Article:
Hamas, Understanding the Organization
Aboul-Enein, Youssef H., Military Review
In Darb Al-Ashwaak: Hamas, AlIntifada, Al-Sultah (Pinprick Strikes: Hamas, the Intifadah and Leadership), (Dar-al-Shirook Press, Nablus, Gaza and Ramalah, translated by Youssef H. Aboul-Enein, 2002), Emaad AbdulHameed Al-Falooji gives Middle Eastern readers a comprehensive history of Hamas from its founding in 1987 to the organization's current operational procedures. The book, which brings to light the history, strategy, and tactics of the Palestinian militant group Hamas, details how terrorists use urban populations as a base of operations and support.
Al-Falooji, a former member of the Palestinian Muslim Brotherhood, became a senior adviser to Hamas, but left the organization in 1996 to participate in Palestinian elections, becoming the Minister of Post and Telecommunications in the Palestinian Authority.
Al-Harakah Al-Muqawama AlIslamiya (the Islamic Resistance Movement, known by the acronym Hamas), was established in Gaza on 14 December 1987 during the Palestinian uprising, Intifadah. The organization grew out of the Palestinian chapter of the Muslim Brotherhood as a means of channeling the rage and efforts of the first Intifadah toward the liberation of all Palestine and the creation of an Islamic state in its place.
Unlike other Palestinian groups, such as the Popular Front for the Liberation of Palestine or the murderous Palestinian Islamic Jihad, Hamas is modeled heavily on the Muslim Brotherhood. The organization has created a community that has social services, schools, and healthcare, while maintaining military wings that carry out suicide bombings. Other Palestinian terrorist groups simply conduct violence without understanding or coordinating the social needs of the population they claim to defend. The Hamas tactic offers a quasi-state and helps endear the population to Hamas, as well as providing a source of recruitment.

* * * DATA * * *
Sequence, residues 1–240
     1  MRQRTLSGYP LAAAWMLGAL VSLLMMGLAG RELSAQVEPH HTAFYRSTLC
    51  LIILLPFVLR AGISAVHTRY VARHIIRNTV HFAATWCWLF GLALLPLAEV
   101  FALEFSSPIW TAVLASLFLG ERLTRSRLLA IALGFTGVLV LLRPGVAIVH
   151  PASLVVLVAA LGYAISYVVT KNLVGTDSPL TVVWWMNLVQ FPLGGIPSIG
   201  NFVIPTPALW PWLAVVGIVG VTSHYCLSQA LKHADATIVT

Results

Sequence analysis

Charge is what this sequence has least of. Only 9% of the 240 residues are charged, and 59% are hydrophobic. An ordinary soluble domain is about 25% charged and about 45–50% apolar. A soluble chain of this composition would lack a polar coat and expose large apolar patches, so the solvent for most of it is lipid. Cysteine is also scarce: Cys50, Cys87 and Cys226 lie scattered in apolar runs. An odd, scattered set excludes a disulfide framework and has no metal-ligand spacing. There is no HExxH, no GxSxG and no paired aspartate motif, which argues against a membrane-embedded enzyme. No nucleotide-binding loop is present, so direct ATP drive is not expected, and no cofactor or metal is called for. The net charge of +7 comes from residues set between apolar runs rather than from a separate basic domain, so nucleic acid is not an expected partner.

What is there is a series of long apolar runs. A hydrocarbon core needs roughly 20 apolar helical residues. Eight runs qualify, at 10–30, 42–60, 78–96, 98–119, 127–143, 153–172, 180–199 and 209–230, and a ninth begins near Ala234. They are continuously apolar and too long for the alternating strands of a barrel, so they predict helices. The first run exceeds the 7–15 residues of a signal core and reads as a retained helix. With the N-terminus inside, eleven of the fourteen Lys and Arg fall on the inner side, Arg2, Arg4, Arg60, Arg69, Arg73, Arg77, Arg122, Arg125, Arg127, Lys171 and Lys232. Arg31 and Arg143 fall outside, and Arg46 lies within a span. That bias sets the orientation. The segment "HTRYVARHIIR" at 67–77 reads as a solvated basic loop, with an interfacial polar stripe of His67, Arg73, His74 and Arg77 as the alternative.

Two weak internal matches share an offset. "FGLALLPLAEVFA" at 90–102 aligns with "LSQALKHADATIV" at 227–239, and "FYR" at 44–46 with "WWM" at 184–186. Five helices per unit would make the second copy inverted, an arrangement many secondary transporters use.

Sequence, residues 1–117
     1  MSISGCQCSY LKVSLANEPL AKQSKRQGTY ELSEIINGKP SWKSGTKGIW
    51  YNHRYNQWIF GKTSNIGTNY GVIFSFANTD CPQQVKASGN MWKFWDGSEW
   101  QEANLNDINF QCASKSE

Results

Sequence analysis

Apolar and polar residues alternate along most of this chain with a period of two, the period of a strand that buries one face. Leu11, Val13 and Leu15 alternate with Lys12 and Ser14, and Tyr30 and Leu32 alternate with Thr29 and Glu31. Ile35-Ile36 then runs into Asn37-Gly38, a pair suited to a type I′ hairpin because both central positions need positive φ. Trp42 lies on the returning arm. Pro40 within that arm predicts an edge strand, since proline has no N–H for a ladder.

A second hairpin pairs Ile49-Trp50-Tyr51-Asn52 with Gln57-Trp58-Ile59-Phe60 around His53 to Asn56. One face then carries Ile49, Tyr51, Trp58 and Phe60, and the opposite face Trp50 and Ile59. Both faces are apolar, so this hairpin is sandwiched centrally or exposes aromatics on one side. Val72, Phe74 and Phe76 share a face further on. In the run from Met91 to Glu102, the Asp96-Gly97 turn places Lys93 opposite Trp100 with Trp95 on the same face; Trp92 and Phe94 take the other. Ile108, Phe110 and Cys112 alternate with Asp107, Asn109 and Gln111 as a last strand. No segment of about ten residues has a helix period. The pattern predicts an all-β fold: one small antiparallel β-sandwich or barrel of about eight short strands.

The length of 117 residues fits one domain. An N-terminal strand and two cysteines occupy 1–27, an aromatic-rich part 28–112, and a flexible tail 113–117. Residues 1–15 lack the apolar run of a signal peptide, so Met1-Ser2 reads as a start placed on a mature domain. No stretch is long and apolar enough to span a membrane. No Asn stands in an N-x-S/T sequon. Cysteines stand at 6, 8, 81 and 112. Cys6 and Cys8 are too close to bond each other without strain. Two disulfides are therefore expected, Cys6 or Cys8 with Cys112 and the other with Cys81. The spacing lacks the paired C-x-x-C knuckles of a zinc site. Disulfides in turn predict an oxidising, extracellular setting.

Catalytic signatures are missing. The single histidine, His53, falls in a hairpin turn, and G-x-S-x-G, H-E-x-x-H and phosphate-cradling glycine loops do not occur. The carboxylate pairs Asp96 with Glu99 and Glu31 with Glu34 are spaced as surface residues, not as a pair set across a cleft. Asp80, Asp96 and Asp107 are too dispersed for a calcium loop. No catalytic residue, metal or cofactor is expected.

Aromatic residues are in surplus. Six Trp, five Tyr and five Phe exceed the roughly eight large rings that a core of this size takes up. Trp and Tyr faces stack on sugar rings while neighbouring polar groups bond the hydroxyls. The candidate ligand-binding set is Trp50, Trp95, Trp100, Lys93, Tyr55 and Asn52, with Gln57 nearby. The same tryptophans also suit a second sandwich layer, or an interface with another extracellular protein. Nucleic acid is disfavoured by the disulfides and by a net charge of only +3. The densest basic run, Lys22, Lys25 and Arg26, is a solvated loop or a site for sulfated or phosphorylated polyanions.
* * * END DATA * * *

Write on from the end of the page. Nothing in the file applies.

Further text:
Hamas pays close attention to the recruitment of its members and is alert to any penetration by Israeli agents or rival Palestinian groups. During the early years, there was an intense dislike between Hamas and Yasser Arafat's Fatah group, because Arafat sought to undermine those organizations that undercut its legitimacy to be the sole representative of the Palestinian people. Hamas used the Muslim Brotherhood as a model for recruitment and promotion to fill its membership.
A prospective member of Hamas must first attempt to observe all the required Muslim prayers of the day. Once the member's transformation and sincerity in observing Islamic rituals is satisfactory to the recruiters, he is brought into a small usra (family) that monitors the person's spiritual progress. At this stage, recruits typically learn two sections of the Quran (Amaa and Tabarak) and learn selected hadiths (prophetic sayings). In addition, the recruit is introduced to the Muslim Brotherhood ideology of takfir (excommunication), the need to isolate oneself from sin, and to the jihad as a means of warfare. Not everyone successfully completes the indoctrination period, which lasts 1 8 months. However, if the person does succeed, he becomes an operative member and is assigned to a membership cell. During the indoctrination period, the recruit is assessed for skills, leadership potential, and ability within the membership cell. Based on his evaluation, and if he shows leadership abilities, he is given further training, designated a full member, and assigned as a captain or lieutenant.
Hamas consists of five major jihaaaz (apparatus).
The Al-Ahdaath (Events) Apparatus. The Events Apparatus is responsible for coordinating events on the street, organizing turnouts for demonstrations, funerals of martyrs, and commemorations of special events. Al-Ahdaath produces leaflets and flyers to keep Palestinian communities informed of what is going on and enforces strikes that have been called by Hamas or Yasser Arafat's Fatah …
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Publication information: Article title: Hamas, Understanding the Organization. Contributors: Aboul-Enein, Youssef H. - Author. Journal title: Military Review. Volume: 83. Issue: 4 Publication date: July/August 2003. Page number: 65. © 2009 U.S. Army CGSC. Provided by ProQuest LLC. All Rights Reserved.
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